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Posts Tagged ‘Lusterware’


Smoking has been accepted into culture, in various art forms, and has developed many distinct, and often conflicting or mutually exclusive, meanings depending on time, place and the practitioners of smoking. Pipe smoking, until recently one of the most common forms of smoking, is today often associated with solemn contemplation, old age and is often considered quaint and archaic. Cigarette smoking, which did not begin to become widespread until the late 19th century, has more associations of modernity and the faster pace of the industrialized world. Cigars have been, and still are, associated with masculinity, power and is an iconic image associated with the stereotypical capitalist. Smoking in public during the Victorian age was something reserved for men and when done by women was associated with promiscuity. In Japan during the Edo period, prostitutes and their clients would often approach one another under the guise of offering a smoke and the same was true for 19th century EuropeArt.

The earliest depictions of smoking can be found on Classical Mayan pottery from around the 9th century. The art was primarily religious in nature and depicted deities or rulers smoking early forms of cigarettes.  Soon after smoking was introduced outside of the Americas it began appearing in painting in Europe and Asia. The painters of the Dutch Golden Age were among the first to paint portraits of people smoking and still lifes of pipes and tobacco. For southern European painters of the 17th century, a pipe was much too modern to include in the preferred motifs inspired by mythology from Greek and Roman antiquity. At first smoking was considered lowly and was associated with peasants.  Many early paintings were of scenes set in taverns or brothels. Later, as the Dutch Republic rose to considerable power and wealth, smoking became more common amongst the affluent and portraits of elegant gentlemen tastefully raising a pipe appeared. Smoking represented pleasure, transience and the briefness of earthly life as it, quite literally, went up in smoke. Smoking was also associated with representations of both the sense of smell and that of taste.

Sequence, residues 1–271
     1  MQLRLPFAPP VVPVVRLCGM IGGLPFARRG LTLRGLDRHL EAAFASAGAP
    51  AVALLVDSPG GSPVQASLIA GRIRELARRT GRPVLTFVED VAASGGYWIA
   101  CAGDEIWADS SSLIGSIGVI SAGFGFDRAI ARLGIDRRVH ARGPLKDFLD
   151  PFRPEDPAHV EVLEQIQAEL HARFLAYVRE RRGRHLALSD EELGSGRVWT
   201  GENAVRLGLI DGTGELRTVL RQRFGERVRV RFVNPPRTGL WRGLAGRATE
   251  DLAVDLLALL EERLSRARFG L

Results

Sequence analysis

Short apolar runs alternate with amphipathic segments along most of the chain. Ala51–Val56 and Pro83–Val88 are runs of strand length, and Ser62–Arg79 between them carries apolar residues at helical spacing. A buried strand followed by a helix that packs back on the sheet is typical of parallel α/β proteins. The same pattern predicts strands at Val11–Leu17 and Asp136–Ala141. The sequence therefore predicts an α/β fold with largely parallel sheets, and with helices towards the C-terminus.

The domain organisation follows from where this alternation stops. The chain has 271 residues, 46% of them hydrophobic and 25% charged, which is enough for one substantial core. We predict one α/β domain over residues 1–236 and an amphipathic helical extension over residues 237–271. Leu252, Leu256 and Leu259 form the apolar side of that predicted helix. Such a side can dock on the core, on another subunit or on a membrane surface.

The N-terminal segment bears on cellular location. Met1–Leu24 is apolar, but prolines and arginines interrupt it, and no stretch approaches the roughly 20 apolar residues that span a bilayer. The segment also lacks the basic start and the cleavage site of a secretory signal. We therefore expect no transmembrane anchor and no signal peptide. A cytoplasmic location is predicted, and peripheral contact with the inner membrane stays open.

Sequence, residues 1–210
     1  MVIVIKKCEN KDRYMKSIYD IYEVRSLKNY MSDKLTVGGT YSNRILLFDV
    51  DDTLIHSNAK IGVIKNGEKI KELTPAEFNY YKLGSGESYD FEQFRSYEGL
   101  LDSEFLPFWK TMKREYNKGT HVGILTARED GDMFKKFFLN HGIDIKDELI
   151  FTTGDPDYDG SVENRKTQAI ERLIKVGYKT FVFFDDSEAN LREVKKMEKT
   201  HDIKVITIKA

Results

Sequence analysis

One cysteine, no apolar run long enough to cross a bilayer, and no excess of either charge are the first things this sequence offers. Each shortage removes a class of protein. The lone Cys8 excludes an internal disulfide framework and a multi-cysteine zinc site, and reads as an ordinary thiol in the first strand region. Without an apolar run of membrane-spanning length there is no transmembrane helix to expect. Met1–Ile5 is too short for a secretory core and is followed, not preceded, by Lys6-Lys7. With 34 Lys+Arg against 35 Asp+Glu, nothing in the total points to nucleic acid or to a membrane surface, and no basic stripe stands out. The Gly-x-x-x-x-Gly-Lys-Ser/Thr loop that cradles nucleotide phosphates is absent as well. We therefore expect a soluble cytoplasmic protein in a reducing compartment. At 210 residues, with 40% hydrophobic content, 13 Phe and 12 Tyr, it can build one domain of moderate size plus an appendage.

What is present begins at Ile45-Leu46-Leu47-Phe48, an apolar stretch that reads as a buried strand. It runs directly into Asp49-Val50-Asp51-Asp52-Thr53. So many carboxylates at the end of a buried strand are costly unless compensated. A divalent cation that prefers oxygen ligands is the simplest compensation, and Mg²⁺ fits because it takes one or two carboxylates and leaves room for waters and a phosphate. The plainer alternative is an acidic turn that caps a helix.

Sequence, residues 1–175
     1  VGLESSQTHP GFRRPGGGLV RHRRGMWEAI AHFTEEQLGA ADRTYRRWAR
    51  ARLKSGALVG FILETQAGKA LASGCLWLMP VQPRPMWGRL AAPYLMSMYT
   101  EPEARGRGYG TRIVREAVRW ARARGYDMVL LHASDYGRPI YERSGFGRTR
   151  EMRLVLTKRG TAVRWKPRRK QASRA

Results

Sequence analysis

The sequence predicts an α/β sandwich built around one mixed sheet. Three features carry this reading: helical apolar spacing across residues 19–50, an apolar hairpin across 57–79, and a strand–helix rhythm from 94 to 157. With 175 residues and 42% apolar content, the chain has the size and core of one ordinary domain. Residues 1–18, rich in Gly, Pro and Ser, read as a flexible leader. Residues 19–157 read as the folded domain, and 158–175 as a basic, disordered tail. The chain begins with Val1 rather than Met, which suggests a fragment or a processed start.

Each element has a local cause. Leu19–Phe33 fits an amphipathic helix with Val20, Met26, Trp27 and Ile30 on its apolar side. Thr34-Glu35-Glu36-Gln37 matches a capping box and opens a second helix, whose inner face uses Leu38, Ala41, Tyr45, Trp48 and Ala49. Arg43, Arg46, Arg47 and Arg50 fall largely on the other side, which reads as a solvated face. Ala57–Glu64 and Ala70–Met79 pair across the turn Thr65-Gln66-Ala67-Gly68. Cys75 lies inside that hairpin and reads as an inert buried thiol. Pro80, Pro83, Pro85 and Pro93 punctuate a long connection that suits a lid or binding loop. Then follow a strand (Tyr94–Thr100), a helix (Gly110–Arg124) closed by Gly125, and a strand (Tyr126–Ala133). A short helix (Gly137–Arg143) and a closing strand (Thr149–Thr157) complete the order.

In the 18th century smoking became far more sparse in painting as the elegant practice of taking snuff became popular. Smoking a pipe was again relegated to portraits of lowly commoners and country folk and the refined sniffing of shredded tobacco followed by sneezing was rare in art. When smoking appeared it was often in the exotic portraits influenced by Orientalism. Many proponents of post-colonial theory controversially believe this portrayal was a means of projecting an image of European superiority over its colonies and a perception of the male dominance of a feminized Orient.  They believe the theme of the exotic and alien “Other” escalated in the 19th century, fueled by the rise in popularity of ethnology during the Enlightenment.